Actual danger of different energy sources

world

Below are some numbers I grabbed from NextBigFuture.

You can have a ball with these numbers in conversation. Death rates don’t correlate well with how much people fear each power source. This huge discrepancy proves that people aren’t actually thinking this through but are being emotional and fearing the unknown.

In a world were people buy everything pre-made and take all our convenient services for granted, this is hardly surprising. People are afraid of flying more-so than driving and that’s not logical either (me for instance).

So it’s a real conversation picker-upper.

Death rate by energy source. TWh is a unit of energy (Tera Watt Hour).

Energy Source Death Rate (per TWh)
Coal – world average    161 (26% of world energy, 50% of electricity)
Coal – China            278
Coal – USA               15
Oil                      36  (36% of world energy)
Natural Gas               4  (21% of world energy)
Biofuel/Biomass          12
Peat                     12
Solar (rooftop)           0.44 (less than 0.1% of world energy)
Wind                      0.15 (less than 1% of world energy)
Hydro                     0.10 (europe death rate, 2.2% of world energy)
Hydro - world w. Banqiao  1.4 (about 2500 TWh/yr and 171,000 Banqiao dead)
Nuclear                   0.04 (5.9% of world energy)

But there is something more sinister and subtle going on here.

Digging

Coal, Natural Gas, Oil and Peat add up to 83%. That’s easy, you dig stuff up and you burn it.

Nuclear is 6% so that’s 89% from digging stuff up. The other 11% is hydro and trace amounts of Wind and Solar.

It takes ages for these fuel sources to be created by nature.

If you’re digging stuff up that takes ages to create, the supply will become sparse over time. Could we run out. That’s what the peak oil theory suggests. This is peak oil:

The flaw in the peak oil argument is that it assumes the price elasticity of oil is zero and also that it’s the only source of energy. So we could see a softer event than is predicted by peak oil. Perhaps it’s become know as “Peakaboo Oil” (game rules here).

Density

The stuff we dig up is dense in energy content. So it’s easy to use a lot of energy. And we are truly hooked. And it’s completely taken for granted.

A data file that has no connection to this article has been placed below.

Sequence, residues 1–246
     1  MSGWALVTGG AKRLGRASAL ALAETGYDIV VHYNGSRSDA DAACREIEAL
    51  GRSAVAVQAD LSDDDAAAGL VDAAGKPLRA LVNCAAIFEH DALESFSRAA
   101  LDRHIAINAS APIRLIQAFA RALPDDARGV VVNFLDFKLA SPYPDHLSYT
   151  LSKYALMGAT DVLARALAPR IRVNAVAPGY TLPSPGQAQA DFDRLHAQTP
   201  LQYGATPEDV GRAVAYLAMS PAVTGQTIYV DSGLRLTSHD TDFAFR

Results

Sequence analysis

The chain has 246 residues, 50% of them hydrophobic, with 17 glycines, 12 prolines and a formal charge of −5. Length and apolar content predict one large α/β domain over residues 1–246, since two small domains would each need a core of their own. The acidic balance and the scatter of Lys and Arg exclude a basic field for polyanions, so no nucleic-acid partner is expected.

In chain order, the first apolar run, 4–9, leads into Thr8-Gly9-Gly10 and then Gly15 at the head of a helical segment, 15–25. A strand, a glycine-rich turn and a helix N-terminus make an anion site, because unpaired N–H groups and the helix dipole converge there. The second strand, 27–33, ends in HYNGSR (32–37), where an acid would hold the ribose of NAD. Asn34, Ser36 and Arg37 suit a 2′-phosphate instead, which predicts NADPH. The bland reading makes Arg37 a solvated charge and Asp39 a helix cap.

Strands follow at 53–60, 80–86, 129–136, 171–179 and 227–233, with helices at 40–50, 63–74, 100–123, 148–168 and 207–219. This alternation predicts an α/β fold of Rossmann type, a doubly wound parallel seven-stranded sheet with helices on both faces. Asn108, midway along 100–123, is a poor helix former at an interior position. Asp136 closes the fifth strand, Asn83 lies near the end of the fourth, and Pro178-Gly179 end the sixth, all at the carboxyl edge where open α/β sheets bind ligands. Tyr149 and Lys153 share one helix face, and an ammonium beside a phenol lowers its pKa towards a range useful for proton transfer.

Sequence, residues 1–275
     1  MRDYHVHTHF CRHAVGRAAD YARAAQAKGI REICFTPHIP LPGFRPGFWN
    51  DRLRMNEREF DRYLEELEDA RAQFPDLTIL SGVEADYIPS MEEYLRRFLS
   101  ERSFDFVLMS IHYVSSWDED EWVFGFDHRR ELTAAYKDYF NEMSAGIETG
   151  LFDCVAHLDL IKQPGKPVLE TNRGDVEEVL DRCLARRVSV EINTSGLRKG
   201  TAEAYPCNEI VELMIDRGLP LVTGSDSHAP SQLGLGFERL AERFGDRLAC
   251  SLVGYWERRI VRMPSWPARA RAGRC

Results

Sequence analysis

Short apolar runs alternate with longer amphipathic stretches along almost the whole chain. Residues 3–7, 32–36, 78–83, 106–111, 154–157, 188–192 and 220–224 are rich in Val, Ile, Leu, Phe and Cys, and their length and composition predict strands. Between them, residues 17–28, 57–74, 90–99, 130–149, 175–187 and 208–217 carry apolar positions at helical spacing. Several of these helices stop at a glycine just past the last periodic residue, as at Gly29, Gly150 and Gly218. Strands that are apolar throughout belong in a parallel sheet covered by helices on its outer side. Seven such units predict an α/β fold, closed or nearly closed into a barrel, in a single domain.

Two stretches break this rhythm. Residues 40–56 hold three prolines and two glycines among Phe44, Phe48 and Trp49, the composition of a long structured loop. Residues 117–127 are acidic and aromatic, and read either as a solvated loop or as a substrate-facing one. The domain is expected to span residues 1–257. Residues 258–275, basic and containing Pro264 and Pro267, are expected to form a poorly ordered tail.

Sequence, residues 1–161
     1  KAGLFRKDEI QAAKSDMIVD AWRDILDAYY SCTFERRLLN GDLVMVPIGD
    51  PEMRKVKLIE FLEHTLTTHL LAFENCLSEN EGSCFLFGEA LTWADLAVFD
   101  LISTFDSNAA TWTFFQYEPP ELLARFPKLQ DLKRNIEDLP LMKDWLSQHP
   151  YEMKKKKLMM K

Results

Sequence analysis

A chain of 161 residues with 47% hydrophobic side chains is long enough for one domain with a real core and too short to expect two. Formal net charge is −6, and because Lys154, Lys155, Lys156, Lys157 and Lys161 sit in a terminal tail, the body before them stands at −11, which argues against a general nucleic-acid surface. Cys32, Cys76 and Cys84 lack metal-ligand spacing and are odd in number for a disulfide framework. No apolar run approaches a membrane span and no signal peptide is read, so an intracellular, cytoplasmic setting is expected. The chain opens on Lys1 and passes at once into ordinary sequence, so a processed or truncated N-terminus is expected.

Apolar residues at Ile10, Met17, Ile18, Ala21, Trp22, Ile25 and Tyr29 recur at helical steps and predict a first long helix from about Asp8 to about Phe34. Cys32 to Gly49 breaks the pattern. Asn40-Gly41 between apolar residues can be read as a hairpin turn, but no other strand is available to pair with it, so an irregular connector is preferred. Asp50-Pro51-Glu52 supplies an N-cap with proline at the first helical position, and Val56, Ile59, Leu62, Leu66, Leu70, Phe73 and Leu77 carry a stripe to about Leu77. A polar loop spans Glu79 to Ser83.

Burger

For instance if you need to stuff your face with a burger, you may jump in your car and drive (bringing a few tonnes of metal with you), probably waste more fuel by riding the gas and the brake, get your burger then return. Your car engine might average 20hp over 20 minutes (assuming you’ll drive 10 minutes to get your burger). 20hp is 15,000 Watts. A person is good to pedal about 70 watts (sustained). So you’d need 214 people to be peddling to create that energy in real time. If you had to do it yourself, you could do it in about 70 hours. This is of course assuming you have a good way to store the energy. This thought experiment does’t include the air conditioning in the venue and other energy intense conveniences.

Toast

Did you know that if you had to peddle a generator to make your toast in the morning it would actually take about 10 people to get enough wattage to make the toast? You’d have to befriend your neighbors. To make toast for the 10 people, it would probably take 10 minutes or so. Thanks I’ll just munch on raw bulgar wheat.

The Punch Line

If we had to generate our own energy, we’d think twice. I guess those Amish communities don’t seem so backwards after all?

1) We’re going to run out.

2) We’re using a lot of energy so this is going to hurt.

What to do?

1) Use less.

2) Think.

3) Tell your friends.

One thought on “Actual danger of different energy sources

  1. Very interesting post. I would add one point at the end, which is, “support nuclear energy!!”

    You are right, we have to dig up uranium. But when there’s a million-fold difference in the amount of energy that comes out of uranium and what comes out of everything else, the impacts of digging uranium are something in the order of a millionth of those from digging fossil fuels. The environmental impact of the nuclear fuel cycle versus that of all fossil fuels is literally minuscule.

    Coupled with the facts that (1) uranium is one of the most abundant metals in the earth’s crust and (2) we can and do manufacture — or “breed” — plutonium-239, a highly fissile element, using neutrons from uranium fission, we’re not in danger of running out of fissile material any time soon.

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